Before we blame corporate America or government officials, we must look inside our own family celebration. Walk through your beautifully decorated home and examine each scene.
- Are there stockings hanging on the fireplace or shelf?
- Santas of every shape and size?
- Cookies by the fireplace?
- Hidden presents waiting to magically appear on Christmas morning?
- Can you look out the window and see plastic or inflated reindeer pulling a sleigh across your yard?
In most Christian homes you will find all the above mixed among Advent calendars and nativity crèches. Most Christmas trees are adorned with a plethora of ornaments including Santas, reindeer, stockings, Frosty the Snowman, Grinches, Rudolph, angels, Magi, Bethlehem stables, holy family and of course Mickey Mouse in a Santa hat. It’s the American way to mix the movies of Hollywood with the Words of God.
My mother’s joy at Christmas was so contagious. She decorated every room of the house. She baked mountains of delicious desserts. Presents were piled high under each tree. She squealed as each one was opened. Her delight came from watching others’ delight.
I grew to love Christmas. I followed her traditions and added a few new ones. Isn’t that how it works? Traditions are engrained from childhood. They become so comfortable, we can’t imagine another viewpoint exists.
As I was unpacking my ceramic Santa collection (thanks to Grandmas of the 80s) I turned to the kid from next door and said, “Do you want a Santa?”
“What do I need with a Santa?”
Wow, I never considered anyone not wanting or needing a Santa at Christmas. His family was Jewish. He didn’t need or want a Santa. At first I pitied him for not knowing his Messiah. Then I rebuked myself for offering him a Santa inside of a Savior.
Later with my head hung in shame, I lamented. Why had I allowed a man’s poem (Twas the Night Before Christmas) and a Coke Cola campaign (jolly Santa in a red suit) to pollute the Reason for the Season? I trumpeted that campaign for Christ to be returned to Christmas but the guilt rested on my head.
In two generations the work of a poet and an artist changed the face of how we worship. I had no witness to my neighbors. I had more reindeer than angels, more elves than shepherds, and more Santa’s than The Babe in a manger.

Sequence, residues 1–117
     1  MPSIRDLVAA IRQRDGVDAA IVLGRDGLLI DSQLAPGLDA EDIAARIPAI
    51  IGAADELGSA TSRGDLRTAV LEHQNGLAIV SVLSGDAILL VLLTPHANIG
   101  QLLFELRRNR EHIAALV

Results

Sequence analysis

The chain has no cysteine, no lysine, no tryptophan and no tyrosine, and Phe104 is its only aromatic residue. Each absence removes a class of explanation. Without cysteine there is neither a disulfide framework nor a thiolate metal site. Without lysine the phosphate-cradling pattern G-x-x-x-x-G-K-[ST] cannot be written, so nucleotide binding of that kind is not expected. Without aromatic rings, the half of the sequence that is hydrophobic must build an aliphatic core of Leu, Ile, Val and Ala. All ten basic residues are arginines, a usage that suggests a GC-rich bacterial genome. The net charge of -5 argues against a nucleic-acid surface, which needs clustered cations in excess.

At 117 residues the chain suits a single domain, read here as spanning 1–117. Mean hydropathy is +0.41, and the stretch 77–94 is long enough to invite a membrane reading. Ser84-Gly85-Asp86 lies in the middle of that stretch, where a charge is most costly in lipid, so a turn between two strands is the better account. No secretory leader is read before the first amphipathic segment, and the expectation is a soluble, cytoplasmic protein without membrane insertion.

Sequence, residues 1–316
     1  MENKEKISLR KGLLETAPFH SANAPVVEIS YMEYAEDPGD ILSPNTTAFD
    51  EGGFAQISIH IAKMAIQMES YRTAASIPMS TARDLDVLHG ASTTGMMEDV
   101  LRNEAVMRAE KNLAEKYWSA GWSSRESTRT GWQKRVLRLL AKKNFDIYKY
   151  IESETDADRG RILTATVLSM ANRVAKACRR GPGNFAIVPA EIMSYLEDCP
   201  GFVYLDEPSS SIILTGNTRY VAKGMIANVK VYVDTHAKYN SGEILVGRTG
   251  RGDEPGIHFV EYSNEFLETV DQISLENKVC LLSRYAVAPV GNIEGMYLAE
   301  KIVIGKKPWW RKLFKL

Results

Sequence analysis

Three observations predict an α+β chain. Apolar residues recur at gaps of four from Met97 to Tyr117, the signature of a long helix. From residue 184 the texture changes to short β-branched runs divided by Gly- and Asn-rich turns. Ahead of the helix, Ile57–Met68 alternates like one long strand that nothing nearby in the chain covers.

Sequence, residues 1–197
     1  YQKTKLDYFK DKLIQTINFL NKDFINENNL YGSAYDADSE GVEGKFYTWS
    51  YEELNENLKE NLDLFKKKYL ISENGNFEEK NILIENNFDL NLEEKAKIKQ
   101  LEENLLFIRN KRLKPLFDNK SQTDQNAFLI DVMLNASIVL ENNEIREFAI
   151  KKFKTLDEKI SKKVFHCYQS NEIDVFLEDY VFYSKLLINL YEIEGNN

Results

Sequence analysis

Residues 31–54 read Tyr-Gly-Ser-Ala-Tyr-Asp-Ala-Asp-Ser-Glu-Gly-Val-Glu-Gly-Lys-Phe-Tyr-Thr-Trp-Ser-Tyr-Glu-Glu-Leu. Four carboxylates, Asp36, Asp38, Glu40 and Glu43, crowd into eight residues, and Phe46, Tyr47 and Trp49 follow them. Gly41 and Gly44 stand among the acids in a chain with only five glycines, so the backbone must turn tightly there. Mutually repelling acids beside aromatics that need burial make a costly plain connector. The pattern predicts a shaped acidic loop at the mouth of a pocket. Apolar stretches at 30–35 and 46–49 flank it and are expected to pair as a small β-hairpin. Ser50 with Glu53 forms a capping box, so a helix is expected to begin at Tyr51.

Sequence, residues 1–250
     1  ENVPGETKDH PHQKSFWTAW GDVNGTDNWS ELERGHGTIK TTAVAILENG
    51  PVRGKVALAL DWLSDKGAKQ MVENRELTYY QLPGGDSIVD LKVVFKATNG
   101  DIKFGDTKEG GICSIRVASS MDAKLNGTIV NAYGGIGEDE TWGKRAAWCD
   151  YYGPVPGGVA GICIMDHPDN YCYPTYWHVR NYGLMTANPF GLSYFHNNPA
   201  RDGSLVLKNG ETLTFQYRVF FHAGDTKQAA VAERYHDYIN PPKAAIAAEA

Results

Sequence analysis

Imagine: A Father sells everything he owns to buy his daughter a beautiful hand woven white gown. She looks like a princess. She feels like a princess. The sacrifice was nothing compared to her joy. Her delight as she told her friends of her father’s love. She wore the dress, she testified of his sacrifice. The story of his love spread.
When the daughter was just a preschooler she loved Snow White. Before long, she had added fake fur to the collar of her beloved gown. Soon the mermaid Ariel fascinated her and inspired the idea to add plastic sequins so she shimmered as she danced.
In her teens, the obsession with Britney brought more changes to the gown. It was cut off to show off her long legs in high heels. Years later the gown of pure beauty was dyed black and adorned with gothic studs.
She could no longer tell the story of her father’s sacrifice for she no longer recognized the gown.
God gave us His greatest sacrifice. We polluted His Story with the gaudiness of our culture. His heart breaks. We should weep.
That Christmas years ago, I gave away all the ceramic Santas, took down the stockings from the fireplace, and threw away everything that did not give glory to my beloved Father in Heaven.
My God is a jealous God. He shares His glory with no one…not even Santa.
God’s people determine the direction of the nation. If MY PEOPLE who are called by MY NAME will humble themselves and pray, seek my face, and turn from their wicked ways, THEN I will hear from heaven and will forgive their sin and WILL HEAL THEIR LAND.